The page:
A new report from the Institute for Stem Cell Biology and Regenerative Medicine chronicles breach in planarian’s epidermis cause defect in stem cell function and regeneration, providing a new insight into the Planarian’s regenerative abilities.
(Dr. Dasaradhi Palakodeti with his team members, Image Credit: Dhiru Bansal)
Planaria are flatworms that live in fresh water and has the ability to regenerate which is incomparable among different living organisms. Interestingly, if you cut apart an adult planaria into pieces; not to be surprised, almost any piece can form a completely new animal with all organ systems. These entire regeneration events are orchestrated through adult somatic stem cells called as Neoblasts.
A Research group led by Dr. Dasaradhi Palakodeti at the Institute for Stem Cell Biology and Regenerative Medicine (InStem), Bangalore- has reported that breach in epidermis cause defect in stem cell function eventually leading to defect in regeneration. The discovery by inStem biologists was published in the journal Development.
“It would be ideal if we human beings could regenerate our lost tissue or limbs. This could tremendously boost human health. For the same, it is of paramount importance to understand the process of regeneration,” said Dhiru Bansal, Ph.D. student and first author of this paper.
Dr. Palakodeti’s lab is working on to understand the role of RNA binding proteins in regeneration. Interestingly, his group came across a protein PABPC2 during analysis, which drew their attention to study this protein for two main reasons. First, PABPC is a universal protein present in eukaryotes. It is important for protein synthesis, however, their mechanism and role in regeneration is not known. Secondly, it was a novel protein not reported so far in planaria.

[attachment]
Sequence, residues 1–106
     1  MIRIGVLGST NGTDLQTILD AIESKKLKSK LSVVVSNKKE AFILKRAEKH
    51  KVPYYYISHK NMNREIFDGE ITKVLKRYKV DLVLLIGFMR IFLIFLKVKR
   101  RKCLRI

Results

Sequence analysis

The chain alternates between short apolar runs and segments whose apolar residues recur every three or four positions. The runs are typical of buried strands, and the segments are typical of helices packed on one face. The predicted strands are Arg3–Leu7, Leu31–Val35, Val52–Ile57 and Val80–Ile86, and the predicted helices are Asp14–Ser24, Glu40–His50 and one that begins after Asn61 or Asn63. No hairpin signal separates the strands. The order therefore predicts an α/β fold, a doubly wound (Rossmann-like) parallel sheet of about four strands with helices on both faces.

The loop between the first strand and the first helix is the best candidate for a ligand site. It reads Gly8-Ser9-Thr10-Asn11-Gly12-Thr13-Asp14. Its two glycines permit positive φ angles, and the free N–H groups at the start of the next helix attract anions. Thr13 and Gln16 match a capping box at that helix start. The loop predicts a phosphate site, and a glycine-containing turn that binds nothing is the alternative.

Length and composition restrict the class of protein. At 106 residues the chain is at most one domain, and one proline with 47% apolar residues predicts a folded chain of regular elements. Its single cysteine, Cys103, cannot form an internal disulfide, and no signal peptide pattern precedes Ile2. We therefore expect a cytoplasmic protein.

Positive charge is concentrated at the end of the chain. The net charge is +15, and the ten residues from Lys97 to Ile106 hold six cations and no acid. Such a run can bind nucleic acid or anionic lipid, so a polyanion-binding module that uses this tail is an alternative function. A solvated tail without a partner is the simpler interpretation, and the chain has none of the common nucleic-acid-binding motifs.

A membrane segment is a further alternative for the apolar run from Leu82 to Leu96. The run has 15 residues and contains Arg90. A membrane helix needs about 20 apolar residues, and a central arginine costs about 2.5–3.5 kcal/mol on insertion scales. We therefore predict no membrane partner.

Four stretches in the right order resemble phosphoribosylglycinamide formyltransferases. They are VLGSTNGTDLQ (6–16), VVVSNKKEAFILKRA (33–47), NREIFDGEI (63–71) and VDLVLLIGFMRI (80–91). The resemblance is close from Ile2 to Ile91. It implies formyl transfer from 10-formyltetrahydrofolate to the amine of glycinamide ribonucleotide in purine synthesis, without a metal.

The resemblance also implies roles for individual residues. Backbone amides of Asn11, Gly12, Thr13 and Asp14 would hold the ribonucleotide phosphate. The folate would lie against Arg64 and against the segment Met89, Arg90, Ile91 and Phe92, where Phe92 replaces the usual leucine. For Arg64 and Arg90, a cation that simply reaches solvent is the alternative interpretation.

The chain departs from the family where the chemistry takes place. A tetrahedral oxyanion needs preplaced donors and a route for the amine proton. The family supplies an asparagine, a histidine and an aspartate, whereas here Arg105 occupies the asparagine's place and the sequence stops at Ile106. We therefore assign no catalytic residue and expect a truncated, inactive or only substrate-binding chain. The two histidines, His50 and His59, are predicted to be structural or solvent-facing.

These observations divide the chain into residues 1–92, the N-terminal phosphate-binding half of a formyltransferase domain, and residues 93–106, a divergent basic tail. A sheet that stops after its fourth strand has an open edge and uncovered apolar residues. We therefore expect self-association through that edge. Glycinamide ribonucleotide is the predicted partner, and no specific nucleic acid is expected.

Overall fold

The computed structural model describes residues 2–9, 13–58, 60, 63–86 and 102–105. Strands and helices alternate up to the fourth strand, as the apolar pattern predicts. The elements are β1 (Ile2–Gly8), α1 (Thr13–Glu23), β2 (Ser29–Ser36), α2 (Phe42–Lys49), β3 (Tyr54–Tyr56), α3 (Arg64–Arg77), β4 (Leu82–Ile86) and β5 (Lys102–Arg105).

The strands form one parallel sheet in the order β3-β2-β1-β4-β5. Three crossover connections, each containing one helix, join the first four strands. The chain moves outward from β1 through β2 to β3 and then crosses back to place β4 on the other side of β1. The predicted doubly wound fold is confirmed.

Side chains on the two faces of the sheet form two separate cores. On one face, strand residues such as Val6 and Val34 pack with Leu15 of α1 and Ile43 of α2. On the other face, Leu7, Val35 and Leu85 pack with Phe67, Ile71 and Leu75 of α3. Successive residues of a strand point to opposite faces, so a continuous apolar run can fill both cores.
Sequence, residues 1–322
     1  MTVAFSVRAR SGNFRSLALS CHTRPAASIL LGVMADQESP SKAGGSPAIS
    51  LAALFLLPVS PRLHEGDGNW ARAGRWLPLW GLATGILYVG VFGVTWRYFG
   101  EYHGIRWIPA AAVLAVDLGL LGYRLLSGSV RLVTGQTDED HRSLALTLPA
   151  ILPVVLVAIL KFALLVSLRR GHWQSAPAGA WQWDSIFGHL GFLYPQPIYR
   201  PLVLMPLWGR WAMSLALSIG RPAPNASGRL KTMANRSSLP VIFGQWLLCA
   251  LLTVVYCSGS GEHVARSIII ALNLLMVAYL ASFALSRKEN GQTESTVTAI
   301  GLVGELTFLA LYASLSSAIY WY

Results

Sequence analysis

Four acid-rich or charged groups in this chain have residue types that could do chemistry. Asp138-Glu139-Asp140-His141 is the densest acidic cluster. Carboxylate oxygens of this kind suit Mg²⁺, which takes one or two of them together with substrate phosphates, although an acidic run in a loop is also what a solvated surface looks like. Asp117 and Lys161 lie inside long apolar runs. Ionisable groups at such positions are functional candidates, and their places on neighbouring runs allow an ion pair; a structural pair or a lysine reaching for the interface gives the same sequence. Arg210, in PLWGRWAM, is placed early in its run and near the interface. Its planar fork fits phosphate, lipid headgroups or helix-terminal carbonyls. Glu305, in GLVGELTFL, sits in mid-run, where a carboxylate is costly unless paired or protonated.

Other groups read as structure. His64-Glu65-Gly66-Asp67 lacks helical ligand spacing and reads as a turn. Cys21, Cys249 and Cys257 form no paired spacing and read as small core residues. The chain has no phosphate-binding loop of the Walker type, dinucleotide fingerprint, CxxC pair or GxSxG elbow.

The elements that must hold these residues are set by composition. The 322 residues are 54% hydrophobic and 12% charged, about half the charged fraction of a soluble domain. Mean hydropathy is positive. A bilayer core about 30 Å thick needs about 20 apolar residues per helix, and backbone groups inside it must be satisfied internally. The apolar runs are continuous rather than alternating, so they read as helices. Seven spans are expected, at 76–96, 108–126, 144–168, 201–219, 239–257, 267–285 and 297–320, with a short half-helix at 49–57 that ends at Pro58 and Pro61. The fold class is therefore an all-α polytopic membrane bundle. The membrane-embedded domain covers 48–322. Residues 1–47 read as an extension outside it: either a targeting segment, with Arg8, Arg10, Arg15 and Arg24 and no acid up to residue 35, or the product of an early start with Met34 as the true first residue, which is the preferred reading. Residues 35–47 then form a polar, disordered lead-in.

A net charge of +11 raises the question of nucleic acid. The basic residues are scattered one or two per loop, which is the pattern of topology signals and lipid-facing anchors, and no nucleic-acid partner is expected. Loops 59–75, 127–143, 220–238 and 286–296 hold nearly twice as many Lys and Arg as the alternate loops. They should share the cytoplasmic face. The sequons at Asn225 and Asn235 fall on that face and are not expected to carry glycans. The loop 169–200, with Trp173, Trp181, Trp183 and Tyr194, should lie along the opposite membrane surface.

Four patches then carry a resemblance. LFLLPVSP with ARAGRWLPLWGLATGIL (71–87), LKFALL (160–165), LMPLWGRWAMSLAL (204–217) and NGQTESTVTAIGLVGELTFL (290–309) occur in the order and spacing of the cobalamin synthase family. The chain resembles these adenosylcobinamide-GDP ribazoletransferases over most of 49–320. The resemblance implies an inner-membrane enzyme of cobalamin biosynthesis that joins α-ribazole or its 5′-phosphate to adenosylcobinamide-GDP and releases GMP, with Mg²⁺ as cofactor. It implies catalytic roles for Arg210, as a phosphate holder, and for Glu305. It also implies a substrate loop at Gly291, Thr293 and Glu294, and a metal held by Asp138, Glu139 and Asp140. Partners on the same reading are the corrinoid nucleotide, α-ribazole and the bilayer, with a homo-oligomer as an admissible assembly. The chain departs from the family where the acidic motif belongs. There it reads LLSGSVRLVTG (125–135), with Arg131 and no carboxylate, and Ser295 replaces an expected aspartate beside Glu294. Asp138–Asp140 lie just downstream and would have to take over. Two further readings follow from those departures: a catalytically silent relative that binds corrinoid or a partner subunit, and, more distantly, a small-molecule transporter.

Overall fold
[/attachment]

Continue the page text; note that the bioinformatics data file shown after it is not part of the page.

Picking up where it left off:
To study the role of pabpc2 gene in regeneration, inStem researchers performed knockdown (a way to make gene non-functional) experiment. They fed the planarians with dsRNA specific to pabpc2 to knock down (KD) the gene. Planarians with pabpc2 KD showed the defect in wound closure and stem cell function due to epidermal defects compared to wild-type.
“In the current study, we have shown the role of the epidermis in providing instructive cues essential for Neoblasts function critical for planarian regeneration. These events essential for wound healing in planaria, such as epidermal migration to cover the wound surface is also observed during the cutaneous wound healing in mammals. Similarly, mobilization of proliferating stem cells (Neoblasts) to the site of injury, which is critical for planarian regeneration, has also been shown to be essential for tissue regeneration in mammals,” said the study leader.
It is unclear in the stem cell field how the environments surrounding the stem cell, which constitute non-stem cells, regulate stem cell function. “Our study uncovered how the organization of the epidermal cells during planarian regeneration is crucial for regulating the stem cell function,” said Dr. Palakodeti.
“Regeneration is often synonymous to stem cells and most of the studies focus on understanding factors responsible for stemness. This study is unique as we identified how a non-stem cell regulates stem cell function. Non-stem cells direct stem cells to respond based on cues,” said Dhiru Bansal.
Dr. Palakodeti’s team have also explored how an ubiquitously (most of the tissues) expressed protein could specifically affect only certain cell types establishing the varied role of the protein in different cell types -critical for some while redundant for other cell types.
This study opens up a new possibility to explore the new role of non-stem cells in regulating stem cells. Skin is often considered for its protective function but this study highlights a much more important role skin can play. It will be interesting to see if these features are also conserved in other organisms.